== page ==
Platelets are one of the few cells in the body that do not repair themselves. In collaboration with investigators at the State University of New York at Stony Brook, Slepian and his team have developed a methodology that can calculate the amount of shear stress experienced by platelets in different situations. Using this approach they create a "signature or fingerprint" of a ventricular assist device with respect to clotting, which can help doctors predict which patients with ventricular assist devices, or VADs, are at greater risk for clot formation.
"This approach is applicable beyond VADs to stents, valves and even to diseased vasculature. It is a biomedical engineering/mechanical approach to precision medicine to understand and treat thrombotic risk at an individual level," Slepian said.
Slepian’s group recently published a paper in Biomedical Microdevices describing a microfluidic point-of-care device with which doctors can take a drop of blood and see how the patient is doing as far as anti-platelet therapies. In this new device the lab team created a channel that imparts the same level of shear as the device or condition that the patient has. In essence, it is a VAD on a chip. This will allow patients with implanted devices to test their blood under their actual flow conditions.
"Presently no device exists that measures platelet function at the bedside under personalized conditions," said Slepian. "Platelets don’t care if they're moving through a big device that's causing the shear or through a small channel." This work, too, is collaborative, involving groups at Stony Brook and Politechnico di Milano in Italy.
Beyond the Lab
Aside from his work in the lab, Slepian recently was elected president of the International Society for Rotary Blood Pumps.
"The field of mechanical circulatory support is a rapidly growing clinical and research area of advanced heart failure that utilizes mechanical devices to aid the failing circulation. As president, my goal is to bring together and unite the many groups working, often in silos, in this space – cardiologists, cardiac surgeons, biomedical engineers, hematologists and basic scientists – to address real-world problems and develop solutions," said Slepian. The organization voted to hold its 2017 annual meeting at the UA.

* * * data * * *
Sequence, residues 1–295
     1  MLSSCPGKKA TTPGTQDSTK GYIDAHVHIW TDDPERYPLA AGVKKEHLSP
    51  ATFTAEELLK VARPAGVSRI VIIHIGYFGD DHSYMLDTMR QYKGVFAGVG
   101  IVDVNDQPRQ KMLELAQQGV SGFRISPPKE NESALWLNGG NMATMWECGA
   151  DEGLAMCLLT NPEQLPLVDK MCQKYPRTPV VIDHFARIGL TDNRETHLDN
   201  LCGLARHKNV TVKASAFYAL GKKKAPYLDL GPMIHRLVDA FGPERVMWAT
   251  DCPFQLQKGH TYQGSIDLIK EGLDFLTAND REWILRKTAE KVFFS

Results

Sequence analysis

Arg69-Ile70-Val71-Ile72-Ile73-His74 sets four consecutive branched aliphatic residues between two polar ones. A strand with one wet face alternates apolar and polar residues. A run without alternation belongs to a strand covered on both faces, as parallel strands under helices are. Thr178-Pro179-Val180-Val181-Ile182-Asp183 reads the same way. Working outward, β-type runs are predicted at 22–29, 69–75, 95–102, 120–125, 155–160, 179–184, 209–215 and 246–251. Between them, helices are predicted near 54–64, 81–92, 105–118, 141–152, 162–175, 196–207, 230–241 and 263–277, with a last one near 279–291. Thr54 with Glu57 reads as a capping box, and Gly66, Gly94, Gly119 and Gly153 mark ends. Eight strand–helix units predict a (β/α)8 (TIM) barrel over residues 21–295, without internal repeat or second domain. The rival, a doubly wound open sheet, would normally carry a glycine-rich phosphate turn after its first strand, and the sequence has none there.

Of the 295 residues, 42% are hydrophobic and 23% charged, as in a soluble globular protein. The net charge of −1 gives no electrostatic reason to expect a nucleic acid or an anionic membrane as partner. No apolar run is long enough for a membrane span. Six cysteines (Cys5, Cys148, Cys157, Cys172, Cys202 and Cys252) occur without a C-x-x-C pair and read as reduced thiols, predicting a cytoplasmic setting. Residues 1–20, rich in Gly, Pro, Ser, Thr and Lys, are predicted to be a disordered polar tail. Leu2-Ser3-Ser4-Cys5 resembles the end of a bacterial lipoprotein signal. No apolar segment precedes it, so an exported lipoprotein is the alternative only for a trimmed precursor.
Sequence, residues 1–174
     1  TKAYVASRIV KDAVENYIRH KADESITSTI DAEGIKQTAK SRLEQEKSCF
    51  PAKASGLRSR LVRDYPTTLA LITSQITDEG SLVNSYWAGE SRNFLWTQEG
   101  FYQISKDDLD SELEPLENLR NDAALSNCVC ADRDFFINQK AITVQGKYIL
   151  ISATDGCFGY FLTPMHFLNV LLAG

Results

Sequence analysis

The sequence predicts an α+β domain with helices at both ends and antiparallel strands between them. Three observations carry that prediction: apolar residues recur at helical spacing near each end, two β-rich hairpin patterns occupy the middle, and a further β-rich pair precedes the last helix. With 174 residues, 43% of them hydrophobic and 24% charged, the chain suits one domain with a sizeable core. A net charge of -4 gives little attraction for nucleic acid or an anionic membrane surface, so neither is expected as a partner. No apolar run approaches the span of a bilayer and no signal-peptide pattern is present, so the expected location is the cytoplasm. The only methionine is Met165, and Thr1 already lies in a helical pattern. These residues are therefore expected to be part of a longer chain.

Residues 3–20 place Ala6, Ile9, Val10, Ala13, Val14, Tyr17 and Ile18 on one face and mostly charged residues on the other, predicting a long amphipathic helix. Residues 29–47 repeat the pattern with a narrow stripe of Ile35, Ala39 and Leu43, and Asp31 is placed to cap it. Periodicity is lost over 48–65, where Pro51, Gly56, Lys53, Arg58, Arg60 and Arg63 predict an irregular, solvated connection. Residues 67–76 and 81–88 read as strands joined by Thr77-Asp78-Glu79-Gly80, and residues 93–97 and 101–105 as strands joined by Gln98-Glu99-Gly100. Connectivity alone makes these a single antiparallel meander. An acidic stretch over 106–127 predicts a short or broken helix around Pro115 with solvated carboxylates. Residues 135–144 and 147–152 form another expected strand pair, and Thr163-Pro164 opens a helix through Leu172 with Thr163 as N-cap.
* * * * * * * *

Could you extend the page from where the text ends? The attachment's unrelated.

Slepian also has been active in fostering and educating on innovation. For the past five years he has taught a course at Eller College on innovation, translation and entrepreneurship. The course, ENTR 481/581, is about identifying unmet needs and addressing problems and solving them in a creative way.
He also is director of ACABI, launched in January 2015.
"ACABI is a University-wide creativity engine developed to further unlock the potential of the University of Arizona, with primary focus in the biomedical domain," said Slepian.
ACABI was designed to work closely with the biomedical faculty and students to identify unmet needs from the clinical domain, while at the same time identifying interesting University research and scientific developments that may be useful in developing solutions. As such, ACABI sits upstream from Tech Launch Arizona, channeling technology that may have commercialization potential via TLA.
"ACABI is all about collaboration – bringing together faculty and students from many disciplines around the University and beyond to innovate. ACABI is a key piece in the evolving 'innovation ecosystem' at the University of Arizona. ACABI tries to solve real problems and come up with practical solutions for the here and now. In order to make revolutionary changes you need to be able to collaborate,” said Slepian.
Slepian offers this bit of advice for aspiring innovators: "To be effective as an innovator, you need to always be adding to your knowledge base, even outside of one's traditional field of study – the more you know, the more you go. Further, you need to build bridges of collaboration, creating a network. No one individual or group has it all in today’s rapidly evolving complex world. However, working together across disciplines, great and fun things can happen."